These RCP scenarios are the building blocks for any other scenario modelling on physical risks to date. The outputs from the IPCC process may be difficult to use by companies directly as they are at global or large regional levels and so are often translated or interpreted by 3rd-party data service providers. With the AR6 report due for release in April 2021, updated climate scenarios can be expected in the near future. 

IEA scenarios

The IEA’s scenarios are published in their annual flagship report, the World Energy Outlook (WEO). The IEA scenarios are focused on transitional climate risks. The IEA scenarios outlined in the WEO 2020 are unique because they reflect the current global pandemic situation. This makes them much more relevant to the near-future. The IEA’s WEO 2020 scenarios are:

  • Stated Policies Scenario (STEPS) – this is based on the stated policies by governments around the world today, which track to below 3° of global warming, and the assumption that drops in global GDP due to COVID-19 are restored in 2021;
  • Delayed Response Scenario (DRS) – based on the same policy context as the STEPS, the DRS differs in its delayed response to the pandemic, resulting in a return to pre-COVID global GDP by 2023;
  • Sustainable Development Scenario (SDS) – the SDS sees a similar global response to COVID-19 as in the STEPS. But, it is characterized by a larger investment push for clean, renewable energy in the next ten years. This yields far fewer greenhouse gas emissions than the STEPS and DRS scenarios, and it caps global warming at 2 °C; and,
  • Net Zero Emissions by 2050 (NZE2050) – Like the SDS and STEPS scenarios, the NZE2050 scenario features an immediate response and recovery from the pandemic. It is unique, however, in its approach to clean energy investment. It is the first scenario to explore what would be necessary over the next decade for the global economy to reach a net zero emissions profile by 2050. The NZE2050 features much more ambitious clean energy investments and behavioural changes than the SDS. The result is the first scenario to depict what is necessary to cap global warming at 1.5 °C.

The WEO 2020 also considers the future of all major energy technologies and fuels under each scenario. The IEA scenarios are focussed on and are helpful to companies in the energy industry as they explore the changes in structure and technology in this industry under the different global temperature rises. They are also used by other industries as a starting point for their own scenario analysis, especially if the industries are closely related to energy, e.g., mining and manufacturing. The IEA’s WEO 2020 overview provides further insights.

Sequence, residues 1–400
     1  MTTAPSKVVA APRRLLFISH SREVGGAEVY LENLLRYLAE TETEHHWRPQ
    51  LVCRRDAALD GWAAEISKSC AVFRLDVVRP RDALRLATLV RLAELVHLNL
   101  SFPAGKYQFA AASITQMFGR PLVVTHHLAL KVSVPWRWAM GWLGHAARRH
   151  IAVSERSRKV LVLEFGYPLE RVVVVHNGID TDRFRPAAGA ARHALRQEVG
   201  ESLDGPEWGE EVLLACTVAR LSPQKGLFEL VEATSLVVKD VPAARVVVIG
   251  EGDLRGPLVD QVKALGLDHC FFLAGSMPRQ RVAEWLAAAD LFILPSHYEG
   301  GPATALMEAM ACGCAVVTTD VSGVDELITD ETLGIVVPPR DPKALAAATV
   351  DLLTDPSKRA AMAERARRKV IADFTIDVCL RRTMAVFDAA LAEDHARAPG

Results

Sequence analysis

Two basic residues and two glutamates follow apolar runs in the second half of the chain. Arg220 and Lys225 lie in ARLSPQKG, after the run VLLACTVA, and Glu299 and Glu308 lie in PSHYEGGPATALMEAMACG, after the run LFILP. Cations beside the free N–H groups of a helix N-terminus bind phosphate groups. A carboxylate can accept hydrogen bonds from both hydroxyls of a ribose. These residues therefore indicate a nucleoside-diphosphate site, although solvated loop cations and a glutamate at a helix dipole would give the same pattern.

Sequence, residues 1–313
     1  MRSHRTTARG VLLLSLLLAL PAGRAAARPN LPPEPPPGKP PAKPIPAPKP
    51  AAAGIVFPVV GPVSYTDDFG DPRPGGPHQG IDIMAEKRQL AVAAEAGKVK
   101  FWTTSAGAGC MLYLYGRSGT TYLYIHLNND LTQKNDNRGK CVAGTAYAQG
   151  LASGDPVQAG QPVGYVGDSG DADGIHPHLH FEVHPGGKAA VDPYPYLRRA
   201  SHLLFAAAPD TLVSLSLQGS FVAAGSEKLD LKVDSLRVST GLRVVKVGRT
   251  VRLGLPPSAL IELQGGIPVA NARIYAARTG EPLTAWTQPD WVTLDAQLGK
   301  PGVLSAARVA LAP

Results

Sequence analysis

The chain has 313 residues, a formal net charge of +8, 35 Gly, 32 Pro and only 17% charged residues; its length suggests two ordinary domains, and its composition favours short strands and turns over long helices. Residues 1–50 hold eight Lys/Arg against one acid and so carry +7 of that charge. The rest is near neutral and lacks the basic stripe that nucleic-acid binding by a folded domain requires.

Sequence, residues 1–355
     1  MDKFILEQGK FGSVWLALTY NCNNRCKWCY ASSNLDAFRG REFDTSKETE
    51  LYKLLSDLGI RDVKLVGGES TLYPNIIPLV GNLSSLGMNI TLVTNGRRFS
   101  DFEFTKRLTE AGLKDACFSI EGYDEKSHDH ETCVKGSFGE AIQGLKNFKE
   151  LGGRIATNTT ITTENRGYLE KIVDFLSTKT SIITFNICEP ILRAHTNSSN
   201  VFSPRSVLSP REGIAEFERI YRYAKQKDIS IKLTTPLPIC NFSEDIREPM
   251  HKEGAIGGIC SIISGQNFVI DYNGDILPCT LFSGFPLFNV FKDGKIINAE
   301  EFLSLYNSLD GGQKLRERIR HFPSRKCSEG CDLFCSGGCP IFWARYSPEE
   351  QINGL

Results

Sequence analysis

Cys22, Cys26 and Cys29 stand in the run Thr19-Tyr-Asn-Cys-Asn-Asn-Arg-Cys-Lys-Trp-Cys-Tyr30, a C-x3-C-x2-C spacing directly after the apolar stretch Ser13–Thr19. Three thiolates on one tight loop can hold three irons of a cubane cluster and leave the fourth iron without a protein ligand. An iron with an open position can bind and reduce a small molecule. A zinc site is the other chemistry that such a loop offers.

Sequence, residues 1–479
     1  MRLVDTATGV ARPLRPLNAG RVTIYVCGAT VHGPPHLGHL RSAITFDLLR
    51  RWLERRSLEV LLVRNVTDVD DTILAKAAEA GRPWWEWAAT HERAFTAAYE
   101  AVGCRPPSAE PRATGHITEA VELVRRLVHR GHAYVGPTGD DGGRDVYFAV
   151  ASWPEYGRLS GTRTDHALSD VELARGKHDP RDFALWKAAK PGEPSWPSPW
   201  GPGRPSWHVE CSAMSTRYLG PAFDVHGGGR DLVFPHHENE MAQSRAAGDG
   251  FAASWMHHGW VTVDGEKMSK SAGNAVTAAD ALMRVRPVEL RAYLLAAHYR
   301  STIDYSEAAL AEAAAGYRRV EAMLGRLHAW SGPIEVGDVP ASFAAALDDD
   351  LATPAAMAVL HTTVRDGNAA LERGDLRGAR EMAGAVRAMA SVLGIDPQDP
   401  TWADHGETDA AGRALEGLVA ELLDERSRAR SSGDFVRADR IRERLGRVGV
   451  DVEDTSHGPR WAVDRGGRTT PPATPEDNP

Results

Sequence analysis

Other public scenarios

Figure 1 shows some of the most popularly used scenarios in 2020, but this is by no means an exhaustive list. Other notable scenarios include the SSPs (to be included in AR6), and those produced by the International Renewable Energy Agency (IRENA), Greenpeace, the Deep Decarbonization Pathways Project (DDPP), the Energy Watch Group, and the Network for Greening the Financial System (NGFS). These are not explored in this blog, but they may be worth investigating for your company’s specific scenario analysis needs. 

For Canadian companies, the scenarios developed by the Canada Energy Regulator may be useful. The Canada’s Energy Future 2020 report presents the Evolving Energy System Scenario and the Reference Energy System Scenario. These provide energy production/demand projections under different levels of greenhouse gas emissions reductions in Canada. The report also presents a “Towards Net-Zero” section. While not a full-fledged scenario, this section provides insights into what is required for Canada to reach net-zero emissions in its energy system.

Scenarios are continually being developed and updated. Tracking scenario developments can better equip you for improving your subsequent scenario analyses as these exercises will need to be refreshed periodically.

Scenario analysis is an iterative process

The work doesn’t stop once analysis under your chosen scenarios is complete. After completing your analysis, the insights will need to be applied to your company; and trends in the socio-economic systems towards the different plausible futures will need to be monitored. Tracking data can better prepare you to perform more rigorous scenario analyses down the line. For example, if you started out with a qualitative scenario narrative, you may have identified certain metrics that need to be tracked. Monitoring these to build a robust data pool puts you in better shape to conduct quantitative scenario analysis later on.

You should also monitor external scenario developments as well. A new scenario could be developed that better fits your company’s context than the one you used in your previous analysis. Or, your company’s needs may shift as the impacts of climate change become more apparent and new government policies get introduced. 

As we’ve said before, scenario analysis is not a prediction tool. It helps you consider possible futures and develop response plans to them. However, the future is uncertain, and the need to prepare and strategize in anticipation of the uncertainties ahead will never cease. 

Contact us to learn more

At Manifest Climate, we have experts in scenario analysis to guide your organization through considering and applying scenario analysis. If you’re interested in learning more, contact us now